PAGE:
This remarkable species is so completely a Retepore in construction, that
it seems impossible to separate it from that genus, merely from the
circumstance that its composition is more horny than calcareous. The
frond is more or less orbicular, or rather is composed of more or less
orbicular or reniform folds, one over another, and attached as it were to
a common centre. The substance is very thin and transparent, and the
interspaces are much broader than the elliptical spaces.

2. R. cellulosa.

Habitat: Bass Strait, 45 fathoms.

Not distinguishable from a Mediterranean specimen.

3. R. ctenostoma, n. sp.

Frond umbilicate, irregularly infundibuliform, spaces elongated, narrow,
margins subdenticulate; interspaces as wide as the spaces. Mouth of cells
tubular, projecting; with six or seven unequal acute expanding teeth.

Habitat: Bass Strait, 45 fathoms.

A very distinct and beautiful species. The frond is about half an inch
wide, and though really umbilicate and subinfundibuliform, does not at
first sight appear so, being much more expanded on one side of the centre
than on the other.

19. ESCHARA, Ray.

1. E. lichenoides, M. Edwards. Mem. sur les Eschares. Ann. d. S. N. tome
6 page 31 plate 2 figure 3.

Habitat: Australian Sea, probably Bass Strait. (It also occurs in Algoa Bay.)

20. DIACHORIS, n. gen. Table 1 figures 10 to 12.

Cells separate, each connected with six others by short tubes; disposed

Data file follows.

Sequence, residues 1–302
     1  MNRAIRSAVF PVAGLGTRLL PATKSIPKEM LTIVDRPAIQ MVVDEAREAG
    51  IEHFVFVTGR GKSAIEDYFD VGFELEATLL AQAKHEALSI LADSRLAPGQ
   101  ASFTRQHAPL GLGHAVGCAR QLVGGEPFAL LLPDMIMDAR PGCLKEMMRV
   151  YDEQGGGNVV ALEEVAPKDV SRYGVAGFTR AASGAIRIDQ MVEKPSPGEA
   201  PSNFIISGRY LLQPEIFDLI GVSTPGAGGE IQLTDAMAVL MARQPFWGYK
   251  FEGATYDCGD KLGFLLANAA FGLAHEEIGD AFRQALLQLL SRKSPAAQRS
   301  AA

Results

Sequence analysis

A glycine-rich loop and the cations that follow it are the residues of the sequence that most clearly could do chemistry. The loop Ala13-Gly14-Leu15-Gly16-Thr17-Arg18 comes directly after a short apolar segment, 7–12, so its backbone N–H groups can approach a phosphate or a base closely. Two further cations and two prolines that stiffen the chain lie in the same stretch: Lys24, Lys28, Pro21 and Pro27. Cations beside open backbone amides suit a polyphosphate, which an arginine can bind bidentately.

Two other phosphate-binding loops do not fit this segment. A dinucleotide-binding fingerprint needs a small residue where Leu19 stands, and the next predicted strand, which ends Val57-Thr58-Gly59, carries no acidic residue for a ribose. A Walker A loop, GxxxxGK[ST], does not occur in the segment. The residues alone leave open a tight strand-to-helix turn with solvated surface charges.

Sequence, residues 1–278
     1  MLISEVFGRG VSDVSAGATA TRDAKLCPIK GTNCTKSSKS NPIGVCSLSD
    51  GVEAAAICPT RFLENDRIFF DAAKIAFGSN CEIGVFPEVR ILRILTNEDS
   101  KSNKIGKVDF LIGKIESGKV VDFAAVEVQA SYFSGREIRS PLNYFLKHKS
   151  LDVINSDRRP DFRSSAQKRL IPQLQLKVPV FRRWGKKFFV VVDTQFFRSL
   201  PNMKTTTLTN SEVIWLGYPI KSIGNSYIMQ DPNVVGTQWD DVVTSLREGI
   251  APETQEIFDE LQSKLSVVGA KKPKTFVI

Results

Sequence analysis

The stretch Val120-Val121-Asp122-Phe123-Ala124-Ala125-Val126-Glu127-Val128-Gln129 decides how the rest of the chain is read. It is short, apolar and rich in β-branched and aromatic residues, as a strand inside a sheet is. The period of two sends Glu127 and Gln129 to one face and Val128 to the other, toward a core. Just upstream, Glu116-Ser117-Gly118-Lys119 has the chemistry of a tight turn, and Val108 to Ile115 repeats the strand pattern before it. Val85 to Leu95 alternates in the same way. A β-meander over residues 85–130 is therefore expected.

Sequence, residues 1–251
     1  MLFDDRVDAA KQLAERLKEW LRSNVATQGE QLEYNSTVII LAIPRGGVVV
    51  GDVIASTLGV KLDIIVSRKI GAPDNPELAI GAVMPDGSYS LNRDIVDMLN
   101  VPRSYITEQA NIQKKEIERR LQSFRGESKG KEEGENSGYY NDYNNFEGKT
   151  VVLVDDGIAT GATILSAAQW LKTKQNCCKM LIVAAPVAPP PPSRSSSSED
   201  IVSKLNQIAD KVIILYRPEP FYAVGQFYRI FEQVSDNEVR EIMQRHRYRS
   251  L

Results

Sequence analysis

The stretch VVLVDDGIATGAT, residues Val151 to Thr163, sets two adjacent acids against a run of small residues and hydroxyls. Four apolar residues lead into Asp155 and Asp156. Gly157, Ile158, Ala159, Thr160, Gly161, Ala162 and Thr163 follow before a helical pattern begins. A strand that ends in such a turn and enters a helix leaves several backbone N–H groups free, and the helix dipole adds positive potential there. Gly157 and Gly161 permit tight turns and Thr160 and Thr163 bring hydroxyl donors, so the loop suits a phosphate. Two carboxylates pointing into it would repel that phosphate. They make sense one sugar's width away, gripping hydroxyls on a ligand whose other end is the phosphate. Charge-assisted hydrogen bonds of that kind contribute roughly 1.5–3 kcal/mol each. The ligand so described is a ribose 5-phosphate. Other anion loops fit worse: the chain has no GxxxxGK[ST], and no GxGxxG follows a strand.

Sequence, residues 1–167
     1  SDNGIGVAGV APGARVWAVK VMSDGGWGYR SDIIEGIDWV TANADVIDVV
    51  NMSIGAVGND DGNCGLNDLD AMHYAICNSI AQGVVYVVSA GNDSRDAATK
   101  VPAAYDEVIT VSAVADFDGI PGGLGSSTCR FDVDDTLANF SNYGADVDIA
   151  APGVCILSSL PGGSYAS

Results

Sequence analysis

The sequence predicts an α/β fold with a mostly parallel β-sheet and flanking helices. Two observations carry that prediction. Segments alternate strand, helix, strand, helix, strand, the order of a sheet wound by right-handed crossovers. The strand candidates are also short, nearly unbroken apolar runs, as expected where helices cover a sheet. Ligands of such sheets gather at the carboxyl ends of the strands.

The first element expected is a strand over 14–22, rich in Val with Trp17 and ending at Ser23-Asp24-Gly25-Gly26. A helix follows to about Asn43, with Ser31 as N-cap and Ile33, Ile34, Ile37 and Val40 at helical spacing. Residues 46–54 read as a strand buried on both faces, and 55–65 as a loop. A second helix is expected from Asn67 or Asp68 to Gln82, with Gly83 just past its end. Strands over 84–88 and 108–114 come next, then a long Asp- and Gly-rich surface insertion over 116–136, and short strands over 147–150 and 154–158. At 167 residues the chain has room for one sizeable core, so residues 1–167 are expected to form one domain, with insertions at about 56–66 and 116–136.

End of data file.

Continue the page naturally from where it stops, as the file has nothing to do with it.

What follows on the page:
in a horizontal plane, and forming a continuous irregular frond; free, or
partially adnate.

The mode of arrangement and interconnection of the cells in this genus is
remarkable, and highly interesting. It represents, in fact, a dissected
Flustra or Membranipora. The cells are disposed in linear parallel
series, and those of two contiguous series are alternate with respect to
each other. Each cell is connected with one at either end in the same
linear series by a rather wide short tubular prolongation, and with two
on each side in the contiguous series by narrower tubes, so that each
cell, except in the marginal rows, is connected with six others. It is
this mode of interconnection of the cells that affords the diagnostic
generic character. There is but one species in the present collection,
but in Mr. Darwin's there are two others from the Straits of Magellan, as
yet undescribed.

1. D. crotali, n. sp. Table 1 figures 10 to 12.

Cells erect, open in front, perforated on the sides and bottom; a
lanceolate appendage articulated to each upper angle. Ovicell conical,
placed on the upper edge.

Habitat: Bass Strait, 45 fathoms.

The frond, though not strictly speaking adnate, as it seems to have no
attachments, is usually spread loosely over other polyzoa. There is no
appearance of a movable mandible in the lanceolate appendages, but which,
nevertheless, most probably represent avicularia. These organs are of a
lanceolate form, with an elevated ridge or keel along the back, and
slightly concave beneath. They project in front, slightly depending; and
at the base of each is a rounded eminence.


Polyzoarium missive or crustaceous, composed of ovate cells in
juxtaposition and arranged, more or less regularly, in linear series,
radiating from a central point or line.

21. CELLEPORA, Otho Fabricius.

1. Cellepora bilabiata, n. sp. ?

C. labiata, Lamouroux.

Cells deeply immersed; mouths in some entire and unarmed; in others, with
two acuminated conical lips; immediately beneath the apex of the